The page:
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The hippocampus is crucial for the consolidation of new declarative long-term memories. Genetic and behavioral experimentation have revealed that several protein kinases are critical for the formation of hippocampus-dependent long-term memories. Cyclic-AMP dependent protein kinase (PKA) is a serine–threonine kinase that has been strongly implicated in the expression of specific forms of hippocampus-dependent memory. We review evidence that PKA is required for hippocampus-dependent memory in mammals, and we highlight some of the proteins that have been implicated as targets of PKA. Future directions and open questions regarding the role of PKA in memory storage are also described.
Protein kinases modulate a plethora of important processes, including synaptic plasticity, learning, and memory. Multiple chemical neurotransmitters, hormones, and other signaling substances use cyclic adenosine 3′,5′monophosphate (cAMP) as an intracellular second messenger. The principal target for cAMP in mammalian cells is cAMP- dependent protein kinase (PKA), which is ubiquitously expressed and mediates intracellular signal transduction. Pioneering work by Earl Sutherland identified cAMP as the first intracellular second messenger (Sutherland and Rall, 1957; Sutherland et al., 1965). Subsequently, Edwin Krebs, Paul Greengard, and their colleagues purified PKA from rabbit skeletal muscle (Walsh et al., 1968; Reimann et al., 1971), and they showed that PKA activity was stimulated by cAMP (Miyamoto et al., 1968, 1969; Walsh et al., 1968; Beavo et al., 1974). Other advances, made possible by genetic, molecular, and cell biological techniques, have shed light on the molecular characteristics, dynamics, and functional plurality of the PKA holoenzyme (reviewed by McKnight et al., 1988; Beebe, 1994; Skalhegg and Tasken, 2000). It is now well established that PKA regulates many biological processes through its phosphorylation of proteins. Also, phosphatases such as protein phosphatase 1 and the calcium-regulated phosphatase, calcineurin, can dephosphorylate proteins that had been phosphorylated by PKA, thus allowing PKA signaling events to be reversible (Fig. 1).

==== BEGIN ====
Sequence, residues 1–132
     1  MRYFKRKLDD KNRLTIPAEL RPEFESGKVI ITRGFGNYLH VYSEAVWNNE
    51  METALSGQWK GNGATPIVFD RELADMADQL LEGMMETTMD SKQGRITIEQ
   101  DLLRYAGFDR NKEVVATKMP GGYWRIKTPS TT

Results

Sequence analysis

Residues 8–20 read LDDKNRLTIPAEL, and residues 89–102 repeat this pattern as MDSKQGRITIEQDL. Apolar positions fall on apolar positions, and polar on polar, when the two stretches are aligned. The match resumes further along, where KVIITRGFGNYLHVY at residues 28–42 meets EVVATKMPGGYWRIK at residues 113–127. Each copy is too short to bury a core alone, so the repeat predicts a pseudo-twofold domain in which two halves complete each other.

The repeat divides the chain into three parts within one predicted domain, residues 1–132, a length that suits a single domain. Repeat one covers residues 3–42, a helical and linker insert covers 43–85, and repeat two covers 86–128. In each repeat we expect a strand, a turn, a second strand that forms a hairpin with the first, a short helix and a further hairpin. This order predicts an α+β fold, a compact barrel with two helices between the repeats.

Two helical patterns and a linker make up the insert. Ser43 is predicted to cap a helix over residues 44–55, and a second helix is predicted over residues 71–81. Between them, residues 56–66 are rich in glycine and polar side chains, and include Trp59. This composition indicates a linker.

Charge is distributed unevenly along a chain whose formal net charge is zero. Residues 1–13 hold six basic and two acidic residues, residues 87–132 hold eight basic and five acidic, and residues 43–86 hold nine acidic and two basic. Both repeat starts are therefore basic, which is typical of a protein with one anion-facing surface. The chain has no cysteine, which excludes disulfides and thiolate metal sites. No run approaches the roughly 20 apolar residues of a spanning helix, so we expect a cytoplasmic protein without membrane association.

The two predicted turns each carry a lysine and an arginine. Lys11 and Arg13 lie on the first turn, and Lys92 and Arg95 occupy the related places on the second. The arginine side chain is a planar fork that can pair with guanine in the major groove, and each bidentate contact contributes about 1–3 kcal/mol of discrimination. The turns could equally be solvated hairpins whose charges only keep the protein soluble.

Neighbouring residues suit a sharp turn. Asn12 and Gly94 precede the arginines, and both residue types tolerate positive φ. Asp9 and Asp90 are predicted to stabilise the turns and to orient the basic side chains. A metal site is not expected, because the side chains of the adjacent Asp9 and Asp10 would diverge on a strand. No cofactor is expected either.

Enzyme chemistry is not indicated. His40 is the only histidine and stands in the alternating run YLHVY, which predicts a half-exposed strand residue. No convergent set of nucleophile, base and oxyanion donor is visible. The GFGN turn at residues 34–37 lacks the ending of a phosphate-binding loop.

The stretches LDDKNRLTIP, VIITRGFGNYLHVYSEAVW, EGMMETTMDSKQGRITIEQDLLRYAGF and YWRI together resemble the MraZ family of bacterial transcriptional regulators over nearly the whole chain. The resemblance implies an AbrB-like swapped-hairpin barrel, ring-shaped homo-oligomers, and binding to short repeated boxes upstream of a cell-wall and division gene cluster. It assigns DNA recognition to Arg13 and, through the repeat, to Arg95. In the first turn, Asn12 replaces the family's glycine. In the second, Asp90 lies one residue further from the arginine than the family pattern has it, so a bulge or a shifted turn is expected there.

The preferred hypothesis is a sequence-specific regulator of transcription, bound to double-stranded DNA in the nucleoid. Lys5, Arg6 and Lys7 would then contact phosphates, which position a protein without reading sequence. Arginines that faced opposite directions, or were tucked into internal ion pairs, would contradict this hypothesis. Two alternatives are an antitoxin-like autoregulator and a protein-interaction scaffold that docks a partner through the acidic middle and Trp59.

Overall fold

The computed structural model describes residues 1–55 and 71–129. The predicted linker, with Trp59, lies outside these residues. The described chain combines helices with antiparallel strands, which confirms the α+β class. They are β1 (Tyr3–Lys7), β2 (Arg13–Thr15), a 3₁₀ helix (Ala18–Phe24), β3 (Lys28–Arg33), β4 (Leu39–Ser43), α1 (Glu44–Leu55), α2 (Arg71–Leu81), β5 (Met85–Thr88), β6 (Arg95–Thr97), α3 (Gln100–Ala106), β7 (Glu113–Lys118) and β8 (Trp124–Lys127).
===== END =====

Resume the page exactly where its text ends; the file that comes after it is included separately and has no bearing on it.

A fundamental process that is modulated by PKA is synaptic transmission, which can be modified by the electrical activity of a neuron —a process termed “activity-dependent synaptic plasticity” (reviewed by Nguyen and Woo, 2003). Because synaptic plasticity involves long-lasting modifications of intercellular signaling in the nervous system, it plays significant roles in regulating learning and memory (Castellucci et al., 1970; Kupfermann et al., 1970; McKernan and Shinnick-Gallagher, 1997; Abraham et al., 2002; Whitlock et al., 2006). Not surprisingly, certain types of long-lasting synaptic plasticity, such as long-term potentiation (LTP) and long-term depression (LTD), are believed to underlie some forms of learning and memory in the mammalian brain (Bliss and Lomo, 1973; Dudek and Bear, 1992; Martin et al., 2000; Abraham et al., 2002; Whitlock et al., 2006).